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Mice/mouse vets



I bought three new mice after the demise of our others.  Two were from one pet shop and one from another.  The one I bought on her own had a shaggy coat when I got her (they told me she was a long hair) and then I noticed she was very lethargic, didn't seem to be able to see, doesn't climb and sneezes and clicks a lot.  I took her to the vet and he gave me some antibiotics.  He listened to her chest, but couldn't hear anything.  He said he thinks she is blind also.  I have her in with the other two and they all get on well, but I am worried that she may have a virus and may infect them.  I am also worried that if she was born with a congenital illness as the vet suspects that I have unnecessarily separated her and she may get depressed.  If she has been with the others for a week, would they have already been exposed to a virus and are likely to get it now whether I separate her or not or should I separate her and for how long? I asked the vet and he said they are normally born with these problems, but he didn't really give me a direct answer.  I don't think he was really that interested in a mouse, but she is my daughters' pet and they love her as they would a dog or a horse or something and I really don't want her to suffer.  I rang the pet shop and he said they buy from a specific breeder and all her mice have been very healthy and that is why they only use her.

Thanks so much for your help.


Hi Lisa,

Don't separate them. They have been exposed already and you are correct, it will cause depression which can lead to a weak immune response and becoming sicker.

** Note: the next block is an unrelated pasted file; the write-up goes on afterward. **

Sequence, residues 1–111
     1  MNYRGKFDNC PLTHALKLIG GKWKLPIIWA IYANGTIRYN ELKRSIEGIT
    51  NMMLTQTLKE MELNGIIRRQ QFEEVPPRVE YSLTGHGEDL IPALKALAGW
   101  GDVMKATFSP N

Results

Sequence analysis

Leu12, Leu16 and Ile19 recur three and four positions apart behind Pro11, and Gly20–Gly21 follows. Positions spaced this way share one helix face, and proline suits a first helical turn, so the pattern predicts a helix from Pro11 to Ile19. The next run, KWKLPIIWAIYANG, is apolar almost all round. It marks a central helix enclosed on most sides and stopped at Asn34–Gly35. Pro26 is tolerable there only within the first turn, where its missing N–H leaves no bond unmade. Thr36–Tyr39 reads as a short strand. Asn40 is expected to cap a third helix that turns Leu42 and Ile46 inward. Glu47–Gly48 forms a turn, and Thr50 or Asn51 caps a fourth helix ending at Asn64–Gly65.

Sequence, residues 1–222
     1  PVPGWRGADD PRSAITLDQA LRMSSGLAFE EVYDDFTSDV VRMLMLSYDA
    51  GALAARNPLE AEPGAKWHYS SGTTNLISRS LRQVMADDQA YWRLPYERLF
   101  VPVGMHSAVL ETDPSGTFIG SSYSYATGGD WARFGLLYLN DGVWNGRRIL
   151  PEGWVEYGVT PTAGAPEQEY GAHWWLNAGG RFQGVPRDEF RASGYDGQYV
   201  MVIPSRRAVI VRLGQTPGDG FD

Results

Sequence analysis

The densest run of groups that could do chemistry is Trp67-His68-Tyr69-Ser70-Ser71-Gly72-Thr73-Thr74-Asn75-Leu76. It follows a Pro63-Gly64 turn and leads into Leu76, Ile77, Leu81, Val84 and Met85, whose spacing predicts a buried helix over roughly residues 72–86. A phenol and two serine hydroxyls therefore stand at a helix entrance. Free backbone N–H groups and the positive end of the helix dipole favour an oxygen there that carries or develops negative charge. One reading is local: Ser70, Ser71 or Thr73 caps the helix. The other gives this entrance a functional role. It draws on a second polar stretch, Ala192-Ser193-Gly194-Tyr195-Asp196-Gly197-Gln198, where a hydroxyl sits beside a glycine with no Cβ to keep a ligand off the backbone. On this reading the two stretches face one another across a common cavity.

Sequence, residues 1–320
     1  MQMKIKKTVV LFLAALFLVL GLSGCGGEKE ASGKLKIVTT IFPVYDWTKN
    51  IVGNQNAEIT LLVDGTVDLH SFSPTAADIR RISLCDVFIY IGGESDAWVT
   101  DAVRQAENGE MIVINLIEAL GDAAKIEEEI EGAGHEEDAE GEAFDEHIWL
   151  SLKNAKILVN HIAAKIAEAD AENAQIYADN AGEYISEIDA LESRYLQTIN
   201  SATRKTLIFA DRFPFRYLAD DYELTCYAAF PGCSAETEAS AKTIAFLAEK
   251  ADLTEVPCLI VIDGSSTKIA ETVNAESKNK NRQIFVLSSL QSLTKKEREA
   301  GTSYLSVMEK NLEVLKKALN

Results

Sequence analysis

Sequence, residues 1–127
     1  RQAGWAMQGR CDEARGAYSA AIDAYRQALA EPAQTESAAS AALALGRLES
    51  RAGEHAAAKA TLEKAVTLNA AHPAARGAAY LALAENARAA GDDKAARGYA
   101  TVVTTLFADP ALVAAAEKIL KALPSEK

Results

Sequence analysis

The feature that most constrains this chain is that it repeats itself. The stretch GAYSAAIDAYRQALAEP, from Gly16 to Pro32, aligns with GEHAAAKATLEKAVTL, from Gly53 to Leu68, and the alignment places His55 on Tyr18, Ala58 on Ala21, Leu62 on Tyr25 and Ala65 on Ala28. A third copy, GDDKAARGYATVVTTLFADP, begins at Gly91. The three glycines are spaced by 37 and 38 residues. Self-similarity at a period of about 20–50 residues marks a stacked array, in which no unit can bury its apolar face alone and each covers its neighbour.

Your vet doesn't sound very experienced in mice. The only congenital illness mice have is myco; they all have it, and most of them are just fine with antibiotics. It is when they have something else that it is worrisome. There aren't many viruses that mice get either; the worst one (Sendai) is completely unavoidable and can only be combatted by making sure with strong antibiotics that nothing else kills the mouse while it recovers. Rare, but a poor pet store might just have an outbreak. This can kill every rat and mouse in every home that their pets go home to; you can see it would have to be a pretty bad pet shop to let that happen.

She may not be on strong enough antibiotics; I would recommend Baytril and doxycycline together. The others must be watched for the second they show a sniffle and if they do, they should be on antibiotics too.

This might help you to find an experienced vet. Even if a vet doesn't list mice, call them and ask.

Association of Exotic Mammal Veterinarians (WORLDWIDE)

Association of Avian Veterinarians (USA)

The Rat Whisperer (USA)

The Rat Fan Club: Rat Vetsó(Midwest and Eastern U.S.)

Best of luck.




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I can answer questions about raising mice and caring for them as pets, with knowledge from my 38 years of having fancy mice as pets. I have NO MEDICAL TRAINING and you should take a sick mouse to the vet; but if you simply can't, I will try to help you. I LOVE PHOTOS!!! I ALSO LOVE UPDATES! Let me know how the little tyke is doing later on, for better or worse, especially orphans. It also helps me to help the next person. Please first search first: use 'Natasha Mice Mouse' with whatever else your question includes. Or check out these links: **** YOUR FIRST MOUSE (my video; rough draft): **** TEN VIDEOS ON RAISING ORPHANS: **** SEXING MICE: **** And some GREAT MOUSE INFO SITES:


I have had mice for 40 years (since I was 5!). I raised them when I was a child but now I keep all females, and never fewer than three so that if one dies the others are not devastated, because they have each other.

I run Rats and Mice are Awesome on Facebook. The official name is Rats are Awesome.

B.A., M.A., M.A. in Linguistics: Yale University and University of Connecticut

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